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At Least 86 Found Shot Or Strangled In Baghdad
The nine men were taken to a U.S. detention center, Stover said.
The day's other reported dead included three bodies found in the northern city of Mosul, one Shiite pilgrim killed by a bomb near the southern city of Karbala, and the editor of an Iraqi weekly shot to death near his home in Baghdad, police told news agencies. The editor, Muhsin Khudhair, was the third Iraqi journalist killed in a week.
The U.S. military also reported Tuesday the deaths of two American soldiers in Anbar province on Monday, without giving details.
Tuesday's grisly finds unfolded as Iraqi politicians began what they said would be daily meetings of all of the main political parties to form a national unity government. The creation of a government has been delayed for three months -- since parliamentary elections Dec. 15 -- by political power struggles, sectarian bloodshed and opposition to the Shiites' nominee for prime minister, Ibrahim al-Jafari, who has been transitional prime minister for about a year.
The meeting was hosted by Abdul Aziz al-Hakim, a prominent Shiite cleric and head of the Supreme Council for the Islamic Revolution in Iraq, a key member of the Shiite coalition that won 130 seats in the December balloting, the largest block in the 275-member parliament.
Participants in the meeting said afterward that little headway had been made.
U.S. Ambassador Zalmay Khalilzad said in an interview published Sunday in London's al-Hayat newspaper that the delay was "due to the fact that politicians are occupied with distribution of posts, and their discussions are about individuals. They have to understand that the interest of Iraq must come first, as we are in a crisis. The country is bleeding and headed for a civil war, and it's the responsibility of Iraqi politicians to feel people's pains and understand their needs."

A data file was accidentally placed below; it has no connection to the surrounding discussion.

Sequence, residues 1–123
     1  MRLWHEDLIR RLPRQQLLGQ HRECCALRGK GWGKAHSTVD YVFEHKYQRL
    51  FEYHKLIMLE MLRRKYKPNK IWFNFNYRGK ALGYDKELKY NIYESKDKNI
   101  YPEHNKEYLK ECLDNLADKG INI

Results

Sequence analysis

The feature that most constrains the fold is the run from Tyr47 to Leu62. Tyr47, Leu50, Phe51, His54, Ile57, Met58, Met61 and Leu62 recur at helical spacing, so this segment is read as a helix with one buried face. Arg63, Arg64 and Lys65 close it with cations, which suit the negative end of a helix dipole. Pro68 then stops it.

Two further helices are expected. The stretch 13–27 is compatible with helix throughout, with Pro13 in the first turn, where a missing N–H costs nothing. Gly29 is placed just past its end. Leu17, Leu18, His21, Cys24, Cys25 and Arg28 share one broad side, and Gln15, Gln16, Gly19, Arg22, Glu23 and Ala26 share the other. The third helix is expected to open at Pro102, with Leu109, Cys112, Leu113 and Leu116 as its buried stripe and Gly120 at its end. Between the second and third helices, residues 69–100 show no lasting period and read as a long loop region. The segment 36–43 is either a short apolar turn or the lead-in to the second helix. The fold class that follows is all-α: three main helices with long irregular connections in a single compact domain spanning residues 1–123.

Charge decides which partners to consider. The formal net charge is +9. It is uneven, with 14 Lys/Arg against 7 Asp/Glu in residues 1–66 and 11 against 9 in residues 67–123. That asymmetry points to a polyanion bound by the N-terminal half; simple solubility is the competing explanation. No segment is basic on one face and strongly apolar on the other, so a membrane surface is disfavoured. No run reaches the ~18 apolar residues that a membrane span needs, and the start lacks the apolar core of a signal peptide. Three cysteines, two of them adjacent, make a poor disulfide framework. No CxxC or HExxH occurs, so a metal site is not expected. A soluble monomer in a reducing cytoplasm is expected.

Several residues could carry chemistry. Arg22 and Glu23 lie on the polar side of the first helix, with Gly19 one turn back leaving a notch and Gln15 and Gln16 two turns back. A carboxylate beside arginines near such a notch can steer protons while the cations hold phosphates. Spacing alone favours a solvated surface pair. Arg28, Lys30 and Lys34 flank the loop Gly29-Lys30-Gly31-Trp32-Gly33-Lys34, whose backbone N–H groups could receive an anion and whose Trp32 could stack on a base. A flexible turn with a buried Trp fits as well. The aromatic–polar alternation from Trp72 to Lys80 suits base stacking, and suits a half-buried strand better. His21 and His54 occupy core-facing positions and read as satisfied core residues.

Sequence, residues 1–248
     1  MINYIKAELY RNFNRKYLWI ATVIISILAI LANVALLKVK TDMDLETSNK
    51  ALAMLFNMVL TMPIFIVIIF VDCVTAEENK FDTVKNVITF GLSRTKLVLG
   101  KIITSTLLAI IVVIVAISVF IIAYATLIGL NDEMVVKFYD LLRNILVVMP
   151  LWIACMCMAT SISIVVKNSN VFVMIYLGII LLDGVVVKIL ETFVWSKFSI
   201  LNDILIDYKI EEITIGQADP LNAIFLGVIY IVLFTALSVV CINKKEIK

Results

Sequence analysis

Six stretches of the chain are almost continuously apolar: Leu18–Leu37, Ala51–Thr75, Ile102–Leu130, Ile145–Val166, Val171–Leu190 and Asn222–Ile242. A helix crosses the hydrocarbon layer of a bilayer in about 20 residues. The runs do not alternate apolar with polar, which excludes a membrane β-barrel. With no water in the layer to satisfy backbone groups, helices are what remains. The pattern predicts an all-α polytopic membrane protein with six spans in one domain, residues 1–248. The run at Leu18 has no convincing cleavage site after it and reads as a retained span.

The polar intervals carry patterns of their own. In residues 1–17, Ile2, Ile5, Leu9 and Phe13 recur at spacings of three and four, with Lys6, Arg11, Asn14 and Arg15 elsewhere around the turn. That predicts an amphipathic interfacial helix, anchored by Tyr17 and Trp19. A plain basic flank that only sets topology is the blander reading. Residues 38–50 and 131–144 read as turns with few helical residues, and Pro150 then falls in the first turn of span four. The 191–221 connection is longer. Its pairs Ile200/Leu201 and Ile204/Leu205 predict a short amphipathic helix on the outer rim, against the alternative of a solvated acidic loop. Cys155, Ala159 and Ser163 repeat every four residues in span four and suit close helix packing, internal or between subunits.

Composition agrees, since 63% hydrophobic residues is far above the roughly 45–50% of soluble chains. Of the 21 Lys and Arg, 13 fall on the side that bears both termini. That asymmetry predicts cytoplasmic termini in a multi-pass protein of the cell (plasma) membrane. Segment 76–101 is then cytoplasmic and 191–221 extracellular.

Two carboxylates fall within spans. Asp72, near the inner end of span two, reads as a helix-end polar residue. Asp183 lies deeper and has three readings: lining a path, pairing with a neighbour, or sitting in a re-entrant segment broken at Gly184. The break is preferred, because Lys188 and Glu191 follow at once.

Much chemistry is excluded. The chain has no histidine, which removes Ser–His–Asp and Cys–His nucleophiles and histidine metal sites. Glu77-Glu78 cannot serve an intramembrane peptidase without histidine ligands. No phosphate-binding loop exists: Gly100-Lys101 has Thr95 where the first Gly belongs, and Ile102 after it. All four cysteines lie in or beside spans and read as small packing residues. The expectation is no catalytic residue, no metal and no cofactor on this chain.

That sentiment was echoed Tuesday in the streets of the capital, where roadblocks, street closures and other security measures put in place for the gathering of political leaders at Hakim's headquarters caused gridlock across central Baghdad.
"What kind of people are those politicians who did not even think of the people and how would they go to work and school?" said Ahmed Sabah, 23, a student at Baghdad University. "How do they expect to build a developed country if an employee can't go to his job and a student and professor cannot go to their school?"
"I am sure that after this terrible day," he said, "they will not agree on anything."
Correspondent John Ward Anderson in Baghdad and special correspondents Bassam Sebti and K.I. Ibrahim in Baghdad and Hassan Shammari in Baqubah contributed to this report.